Human Rights on Common Grounds: The Quest for Universality

Pirmais vāks
Kirsten Hastrup
Martinus Nijhoff Publishers, 2001. gada 5. nov. - 235 lappuses
The universality of human rights has been extensively discussed since their inception, and most often in terms of contrasting viewpoints of universalism versus relativism. The present volume seeks to get beyond the polarization and to ask instead "in which sense" human rights are universal. The point of departure is that human rights must be universal in some sense, or they are nothing. It is meaningless to talk of human rights if they are not applicable to all humans, unconditionally. From each of their vantage points the authors explore the notion of universality in a joint effort to maintain the fundamental aspiration of the human rights documents without sidestepping the question. The authors come from such diverse fields as law, history, philosophy and anthropology, and between them they contribute in complementary ways to the never-ending quest for universality, correlating with a view of all humans being equal in dignity and rights. They are also keenly aware that the human rights project is unfinished and must always be forcefully argued for.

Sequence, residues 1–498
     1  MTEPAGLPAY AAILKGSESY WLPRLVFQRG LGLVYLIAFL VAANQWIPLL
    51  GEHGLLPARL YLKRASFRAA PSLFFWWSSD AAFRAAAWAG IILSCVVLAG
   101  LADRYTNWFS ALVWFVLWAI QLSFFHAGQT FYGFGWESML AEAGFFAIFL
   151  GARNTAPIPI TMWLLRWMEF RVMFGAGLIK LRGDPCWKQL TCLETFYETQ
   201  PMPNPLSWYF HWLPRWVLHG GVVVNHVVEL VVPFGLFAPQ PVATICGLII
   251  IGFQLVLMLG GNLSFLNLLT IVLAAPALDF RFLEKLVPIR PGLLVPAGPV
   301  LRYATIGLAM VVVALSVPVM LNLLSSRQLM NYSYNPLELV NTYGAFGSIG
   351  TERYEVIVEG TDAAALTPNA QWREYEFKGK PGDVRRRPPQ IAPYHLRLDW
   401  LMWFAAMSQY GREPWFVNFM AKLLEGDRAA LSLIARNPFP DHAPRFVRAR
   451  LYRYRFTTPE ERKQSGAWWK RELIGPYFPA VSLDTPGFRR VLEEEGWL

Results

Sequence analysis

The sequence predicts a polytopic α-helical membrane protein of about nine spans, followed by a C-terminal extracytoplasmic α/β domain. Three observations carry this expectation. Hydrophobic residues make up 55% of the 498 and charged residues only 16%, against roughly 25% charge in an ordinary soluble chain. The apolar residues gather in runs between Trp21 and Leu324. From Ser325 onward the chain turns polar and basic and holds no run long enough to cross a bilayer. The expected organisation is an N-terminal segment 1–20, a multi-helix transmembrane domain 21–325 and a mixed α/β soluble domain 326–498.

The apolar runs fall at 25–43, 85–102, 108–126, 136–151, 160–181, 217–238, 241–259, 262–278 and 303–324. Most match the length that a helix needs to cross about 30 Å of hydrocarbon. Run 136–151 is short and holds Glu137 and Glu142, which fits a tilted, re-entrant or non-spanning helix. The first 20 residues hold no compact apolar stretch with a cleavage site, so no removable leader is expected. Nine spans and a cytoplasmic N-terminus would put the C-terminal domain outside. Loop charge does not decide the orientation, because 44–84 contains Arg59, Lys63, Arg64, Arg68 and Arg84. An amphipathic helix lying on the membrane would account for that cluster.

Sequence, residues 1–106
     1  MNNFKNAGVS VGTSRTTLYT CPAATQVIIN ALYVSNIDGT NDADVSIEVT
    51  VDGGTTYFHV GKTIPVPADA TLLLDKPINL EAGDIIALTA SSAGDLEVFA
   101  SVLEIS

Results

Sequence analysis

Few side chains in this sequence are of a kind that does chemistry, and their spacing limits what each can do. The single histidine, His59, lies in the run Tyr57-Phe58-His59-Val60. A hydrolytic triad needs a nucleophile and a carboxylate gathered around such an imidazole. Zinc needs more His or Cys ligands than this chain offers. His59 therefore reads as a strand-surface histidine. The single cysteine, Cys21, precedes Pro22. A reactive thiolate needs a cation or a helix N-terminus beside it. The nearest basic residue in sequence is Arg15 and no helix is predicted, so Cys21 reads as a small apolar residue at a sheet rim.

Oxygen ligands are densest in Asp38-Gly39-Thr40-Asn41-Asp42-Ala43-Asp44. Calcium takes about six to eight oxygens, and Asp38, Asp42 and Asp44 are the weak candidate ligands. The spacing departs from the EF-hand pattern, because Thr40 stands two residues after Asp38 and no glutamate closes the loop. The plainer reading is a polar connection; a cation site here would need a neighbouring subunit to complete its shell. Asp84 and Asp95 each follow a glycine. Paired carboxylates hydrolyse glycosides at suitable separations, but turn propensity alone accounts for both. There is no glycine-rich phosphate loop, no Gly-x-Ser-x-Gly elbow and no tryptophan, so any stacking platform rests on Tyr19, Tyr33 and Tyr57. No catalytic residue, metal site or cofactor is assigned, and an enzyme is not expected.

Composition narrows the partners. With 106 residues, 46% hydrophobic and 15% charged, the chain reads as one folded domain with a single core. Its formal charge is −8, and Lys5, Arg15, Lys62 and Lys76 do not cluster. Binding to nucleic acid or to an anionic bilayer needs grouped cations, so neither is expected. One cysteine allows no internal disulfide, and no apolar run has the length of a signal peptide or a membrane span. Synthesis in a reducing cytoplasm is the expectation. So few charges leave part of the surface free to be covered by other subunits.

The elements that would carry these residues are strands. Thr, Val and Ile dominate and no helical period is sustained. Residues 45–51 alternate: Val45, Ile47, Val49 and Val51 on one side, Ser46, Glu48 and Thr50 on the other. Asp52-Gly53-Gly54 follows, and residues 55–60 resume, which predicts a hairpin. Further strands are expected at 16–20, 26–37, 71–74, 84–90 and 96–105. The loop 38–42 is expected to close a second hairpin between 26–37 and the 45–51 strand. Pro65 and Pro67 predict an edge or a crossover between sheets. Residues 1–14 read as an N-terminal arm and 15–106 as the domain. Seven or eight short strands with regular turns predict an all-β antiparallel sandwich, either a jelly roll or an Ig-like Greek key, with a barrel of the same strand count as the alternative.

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Saturs

An Introduction
1
Addressing the Sceptic
25
Legal and Functional Universality
39
Rights and Responsibilities
57
Between the Local
75
Globalising Human Rights
91
Contextual Universality
117
Lone Lindholt
138
Questions from Asia
157
Hatla Thelle
174
An Unfinished Project
195
List of Contributors
225
Autortiesības

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